To this day, I am not sure how I got home, or when. I do remember lying in bed pretending to have the flu for the next few days and taking at least 50 showers but still being unable to get rid of the feeling of being dirty. It is on the fifth day when I realize I need to seek medical attention as nothing seems to be healing as I had expected. Through the onslaught of questions by the medical staff, followed by the police I remained silent… “I’m sorry, I don’t remember what happened”, “I’m sorry, I am not sure where I was or who I was with”.  The grilling finally ends, and I am released and free to go home, where I would spend the next month digging a hole in my brain deep enough to bury this memory for life. Over the years I would have random flashbacks of this event which I would then convince myself was mixed confusion with the abuse I suffered as a child. For so long the memories flashed in and out like a rerun of a bad TV show but they carried with them no emotional attachment.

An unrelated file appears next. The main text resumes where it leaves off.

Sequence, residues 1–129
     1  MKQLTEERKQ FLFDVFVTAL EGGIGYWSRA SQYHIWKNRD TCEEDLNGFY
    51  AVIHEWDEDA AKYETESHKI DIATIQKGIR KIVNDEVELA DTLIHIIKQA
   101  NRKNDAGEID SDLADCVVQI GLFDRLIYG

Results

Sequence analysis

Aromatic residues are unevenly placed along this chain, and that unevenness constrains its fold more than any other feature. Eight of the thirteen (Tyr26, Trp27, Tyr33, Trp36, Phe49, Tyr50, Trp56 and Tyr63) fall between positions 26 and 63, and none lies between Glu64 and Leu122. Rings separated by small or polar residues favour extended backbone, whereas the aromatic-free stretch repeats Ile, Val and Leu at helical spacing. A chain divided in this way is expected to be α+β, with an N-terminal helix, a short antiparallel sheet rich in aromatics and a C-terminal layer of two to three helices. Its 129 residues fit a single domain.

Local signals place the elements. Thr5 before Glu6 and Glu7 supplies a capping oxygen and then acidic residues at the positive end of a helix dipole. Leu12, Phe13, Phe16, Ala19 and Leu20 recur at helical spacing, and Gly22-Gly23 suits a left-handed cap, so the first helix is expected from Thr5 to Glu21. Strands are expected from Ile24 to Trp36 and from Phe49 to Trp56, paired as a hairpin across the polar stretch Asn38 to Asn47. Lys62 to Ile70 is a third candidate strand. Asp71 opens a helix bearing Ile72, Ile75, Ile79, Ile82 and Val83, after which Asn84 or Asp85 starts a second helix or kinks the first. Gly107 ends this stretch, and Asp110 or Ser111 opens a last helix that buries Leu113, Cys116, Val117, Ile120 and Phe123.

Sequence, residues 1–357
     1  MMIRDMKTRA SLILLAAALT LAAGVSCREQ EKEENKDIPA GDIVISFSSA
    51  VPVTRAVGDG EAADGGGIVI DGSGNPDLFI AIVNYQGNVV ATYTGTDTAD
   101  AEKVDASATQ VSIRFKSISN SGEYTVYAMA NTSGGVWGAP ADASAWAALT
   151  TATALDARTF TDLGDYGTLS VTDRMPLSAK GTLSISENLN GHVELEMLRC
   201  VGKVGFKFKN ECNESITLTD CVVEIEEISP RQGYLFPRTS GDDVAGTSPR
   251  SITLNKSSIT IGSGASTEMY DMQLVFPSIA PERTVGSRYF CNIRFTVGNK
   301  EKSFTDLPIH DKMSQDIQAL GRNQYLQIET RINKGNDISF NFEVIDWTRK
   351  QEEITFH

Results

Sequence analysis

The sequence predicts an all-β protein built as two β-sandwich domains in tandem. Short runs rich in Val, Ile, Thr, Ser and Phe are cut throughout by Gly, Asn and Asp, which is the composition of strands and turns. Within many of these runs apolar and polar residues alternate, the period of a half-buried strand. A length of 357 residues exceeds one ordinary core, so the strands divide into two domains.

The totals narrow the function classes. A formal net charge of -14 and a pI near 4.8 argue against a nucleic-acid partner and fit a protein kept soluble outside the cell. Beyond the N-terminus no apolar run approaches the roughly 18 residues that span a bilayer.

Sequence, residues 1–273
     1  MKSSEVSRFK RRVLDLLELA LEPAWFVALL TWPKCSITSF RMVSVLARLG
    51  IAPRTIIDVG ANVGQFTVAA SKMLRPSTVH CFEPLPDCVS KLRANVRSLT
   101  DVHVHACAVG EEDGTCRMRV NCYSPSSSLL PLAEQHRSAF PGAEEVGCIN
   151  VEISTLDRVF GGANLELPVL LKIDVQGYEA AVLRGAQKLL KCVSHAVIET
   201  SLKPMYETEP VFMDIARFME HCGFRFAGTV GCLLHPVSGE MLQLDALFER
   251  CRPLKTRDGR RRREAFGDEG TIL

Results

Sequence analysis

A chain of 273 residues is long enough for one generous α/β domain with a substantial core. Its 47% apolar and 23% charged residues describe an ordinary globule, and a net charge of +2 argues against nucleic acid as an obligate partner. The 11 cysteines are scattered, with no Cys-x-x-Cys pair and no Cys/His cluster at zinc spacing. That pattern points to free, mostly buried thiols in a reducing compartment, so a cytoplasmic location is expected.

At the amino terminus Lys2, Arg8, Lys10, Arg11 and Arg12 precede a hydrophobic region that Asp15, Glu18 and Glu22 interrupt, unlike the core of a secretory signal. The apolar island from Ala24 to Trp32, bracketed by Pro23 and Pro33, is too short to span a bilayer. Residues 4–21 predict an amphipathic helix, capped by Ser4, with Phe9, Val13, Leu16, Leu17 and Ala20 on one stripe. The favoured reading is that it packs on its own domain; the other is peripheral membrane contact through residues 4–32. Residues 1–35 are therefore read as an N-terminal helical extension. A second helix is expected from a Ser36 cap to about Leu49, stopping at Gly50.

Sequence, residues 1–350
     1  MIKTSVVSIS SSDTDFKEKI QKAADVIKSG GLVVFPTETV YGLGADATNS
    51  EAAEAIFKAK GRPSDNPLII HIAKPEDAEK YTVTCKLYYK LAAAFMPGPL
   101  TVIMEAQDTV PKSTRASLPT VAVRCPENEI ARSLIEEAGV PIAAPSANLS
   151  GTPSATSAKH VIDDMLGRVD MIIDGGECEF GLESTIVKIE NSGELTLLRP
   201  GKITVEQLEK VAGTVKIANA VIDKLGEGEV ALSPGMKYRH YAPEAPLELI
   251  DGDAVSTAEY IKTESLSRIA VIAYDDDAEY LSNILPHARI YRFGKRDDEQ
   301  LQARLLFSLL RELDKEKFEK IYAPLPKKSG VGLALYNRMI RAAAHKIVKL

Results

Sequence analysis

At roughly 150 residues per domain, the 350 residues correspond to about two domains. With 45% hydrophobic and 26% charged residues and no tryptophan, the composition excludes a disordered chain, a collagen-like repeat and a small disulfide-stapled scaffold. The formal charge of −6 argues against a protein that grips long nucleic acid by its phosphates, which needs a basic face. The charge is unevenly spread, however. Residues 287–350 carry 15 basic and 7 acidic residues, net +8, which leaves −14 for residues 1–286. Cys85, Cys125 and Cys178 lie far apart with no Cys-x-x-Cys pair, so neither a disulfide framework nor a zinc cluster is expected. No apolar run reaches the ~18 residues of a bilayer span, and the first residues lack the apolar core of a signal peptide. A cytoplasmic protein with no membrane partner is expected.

Fast forward to the present, and after multiple rounds of therapy, I finally found someone who would introduce me to the concept of body memories. The mind has a remarkable way of self-protection from traumatic memories, but we tend to forget that the body itself has its own sense of memory. I noticed this not long ago when these memories began to surface again through my dreams. Now, not only would I have the lingering effects of the flashback but my body felt stuck in a place between fight and flight; muscles uncontrollably tense, anxiety and heartbeat racing, phantom pains and a sickening feeling in my chest and stomach. My mind may realize I am presently safe and not in harm’s way but my body is stuck back in the moment of trauma. A temporary distraction for the mind may be possible but that provides no reprise for the body. The relaxation techniques, the mindfulness and self-care have yet to stop the body memories, which for me can last anywhere from a few hours to a couple of days.

I am trying to cope with them the best I know how, but often that just means riding out the wave knowing that sometime soon it will lose its force and flow back out with the tides.